September 6, 2013 | The Republic-- A blue placard dangling from the rear-view mirror is the equivalent of parking gold for drivers in many cities — they can park for free and for as long as they want. Now there's a gold rush on for them.
And as the number of vehicles displaying a disabled placard has soared with an aging population and loosened eligibility standards, cities are seeing the impact in more congested downtowns and the loss of millions of dollars in revenue.
Now, officials are pushing back, tightening standards for those who can get the placards and making sure that the only people who get the privilege are those who really need it.
"It was astonishing to see car after car after car with the disabled placard," said Portland City Commissioner Steve Novick, who is seeking a solution to the problem in a city with a reputation for bicycling and mass transit but still reliant on the car.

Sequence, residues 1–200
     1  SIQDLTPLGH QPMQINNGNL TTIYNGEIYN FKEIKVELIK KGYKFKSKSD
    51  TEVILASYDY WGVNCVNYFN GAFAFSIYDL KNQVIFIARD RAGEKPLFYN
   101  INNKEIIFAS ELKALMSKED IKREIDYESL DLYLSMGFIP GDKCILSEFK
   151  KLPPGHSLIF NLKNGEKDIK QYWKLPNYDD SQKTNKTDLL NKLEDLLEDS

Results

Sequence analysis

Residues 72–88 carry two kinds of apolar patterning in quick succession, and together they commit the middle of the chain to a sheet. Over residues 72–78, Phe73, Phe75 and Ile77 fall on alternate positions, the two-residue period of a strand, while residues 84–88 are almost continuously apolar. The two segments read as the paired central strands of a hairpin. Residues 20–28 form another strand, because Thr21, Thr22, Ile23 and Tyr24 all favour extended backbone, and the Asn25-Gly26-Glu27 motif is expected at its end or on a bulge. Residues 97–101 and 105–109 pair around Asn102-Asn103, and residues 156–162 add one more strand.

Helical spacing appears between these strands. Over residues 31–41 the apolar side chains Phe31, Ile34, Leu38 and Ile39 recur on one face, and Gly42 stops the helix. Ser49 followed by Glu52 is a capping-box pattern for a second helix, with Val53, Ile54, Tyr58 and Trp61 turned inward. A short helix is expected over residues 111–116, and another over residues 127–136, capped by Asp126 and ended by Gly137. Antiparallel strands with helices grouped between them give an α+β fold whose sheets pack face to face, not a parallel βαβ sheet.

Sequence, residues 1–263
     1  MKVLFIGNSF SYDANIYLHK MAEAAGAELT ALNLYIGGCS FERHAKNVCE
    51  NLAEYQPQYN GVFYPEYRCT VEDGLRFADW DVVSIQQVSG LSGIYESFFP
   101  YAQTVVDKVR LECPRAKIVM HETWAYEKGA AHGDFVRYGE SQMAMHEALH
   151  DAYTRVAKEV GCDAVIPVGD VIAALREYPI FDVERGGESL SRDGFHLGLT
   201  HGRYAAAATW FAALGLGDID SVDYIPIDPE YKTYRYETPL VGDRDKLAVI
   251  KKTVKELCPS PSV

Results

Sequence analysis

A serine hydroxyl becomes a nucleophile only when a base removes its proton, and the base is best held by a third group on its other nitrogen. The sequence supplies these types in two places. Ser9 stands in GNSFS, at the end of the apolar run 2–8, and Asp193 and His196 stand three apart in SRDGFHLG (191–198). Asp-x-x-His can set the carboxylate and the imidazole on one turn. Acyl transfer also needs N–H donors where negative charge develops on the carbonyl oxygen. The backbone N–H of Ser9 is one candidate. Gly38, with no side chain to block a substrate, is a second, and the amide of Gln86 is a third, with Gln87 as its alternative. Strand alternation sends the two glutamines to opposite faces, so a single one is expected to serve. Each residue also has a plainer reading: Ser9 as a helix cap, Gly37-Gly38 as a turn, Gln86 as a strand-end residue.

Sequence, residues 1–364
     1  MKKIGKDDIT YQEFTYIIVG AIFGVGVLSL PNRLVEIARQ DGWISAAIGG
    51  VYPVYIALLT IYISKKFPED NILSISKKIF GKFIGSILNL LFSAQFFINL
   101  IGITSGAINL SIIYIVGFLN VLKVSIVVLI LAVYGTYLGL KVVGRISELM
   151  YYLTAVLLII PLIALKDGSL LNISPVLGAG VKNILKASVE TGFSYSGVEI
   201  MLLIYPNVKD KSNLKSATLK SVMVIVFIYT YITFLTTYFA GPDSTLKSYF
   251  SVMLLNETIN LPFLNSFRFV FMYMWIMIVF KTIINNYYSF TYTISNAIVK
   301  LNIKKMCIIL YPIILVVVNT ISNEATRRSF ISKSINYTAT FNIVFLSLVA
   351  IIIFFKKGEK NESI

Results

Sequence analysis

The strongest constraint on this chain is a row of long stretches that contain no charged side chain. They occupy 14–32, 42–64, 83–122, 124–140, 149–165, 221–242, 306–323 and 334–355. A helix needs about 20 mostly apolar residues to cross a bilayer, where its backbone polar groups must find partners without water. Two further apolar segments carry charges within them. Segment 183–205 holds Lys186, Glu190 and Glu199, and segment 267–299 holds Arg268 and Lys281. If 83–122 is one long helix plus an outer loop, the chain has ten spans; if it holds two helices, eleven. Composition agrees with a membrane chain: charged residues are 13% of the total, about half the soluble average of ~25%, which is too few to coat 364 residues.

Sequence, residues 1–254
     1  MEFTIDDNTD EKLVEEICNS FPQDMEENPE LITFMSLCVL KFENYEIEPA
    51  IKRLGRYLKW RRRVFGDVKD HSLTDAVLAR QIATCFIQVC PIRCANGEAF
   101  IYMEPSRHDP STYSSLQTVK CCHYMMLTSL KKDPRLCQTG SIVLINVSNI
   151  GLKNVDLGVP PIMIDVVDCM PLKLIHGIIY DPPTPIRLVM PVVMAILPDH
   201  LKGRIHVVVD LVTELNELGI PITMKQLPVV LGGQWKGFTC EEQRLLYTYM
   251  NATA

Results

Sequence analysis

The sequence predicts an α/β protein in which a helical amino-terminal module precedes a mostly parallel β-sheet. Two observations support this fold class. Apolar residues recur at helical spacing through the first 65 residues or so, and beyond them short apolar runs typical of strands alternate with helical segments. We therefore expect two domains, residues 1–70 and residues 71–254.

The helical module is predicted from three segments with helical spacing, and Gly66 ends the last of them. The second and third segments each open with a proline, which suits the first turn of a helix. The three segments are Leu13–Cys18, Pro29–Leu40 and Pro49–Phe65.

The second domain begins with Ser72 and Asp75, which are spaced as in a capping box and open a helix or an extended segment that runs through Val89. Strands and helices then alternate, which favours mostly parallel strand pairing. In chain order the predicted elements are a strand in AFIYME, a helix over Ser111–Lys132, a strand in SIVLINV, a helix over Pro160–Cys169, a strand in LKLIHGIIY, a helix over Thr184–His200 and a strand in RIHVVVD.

It's common in the city to find blocks in which there are more cars with placards than without. Stroll by a parking meter and you will see the placards through the windshields of both beaters and BMWs.
In the city's annual survey of roughly 9,000 downtown meters, just over 1,000 vehicles had disabled placards in October 2012, a 72 percent increase in five years. In the core area of downtown, a third of the vehicles had placards.
As a result, Portland lost an estimated $2.4 million in meter revenue last year, and the lack of turnover frustrates store owners, deprives the severely disabled of spaces near their destination and forces drivers to circle blocks in search of a spot.
Authorities issued 186 citations for unlawful use of a permit the fiscal year ending June 30, but believe there is more abuse.
Cheaters are tough to catch because the placard is generally valid and the driver, who may be borrowing one, is only at the car for a couple of minutes during the workday.
Experts say the easiest way to stop abuse is to READ FULL ARTICLE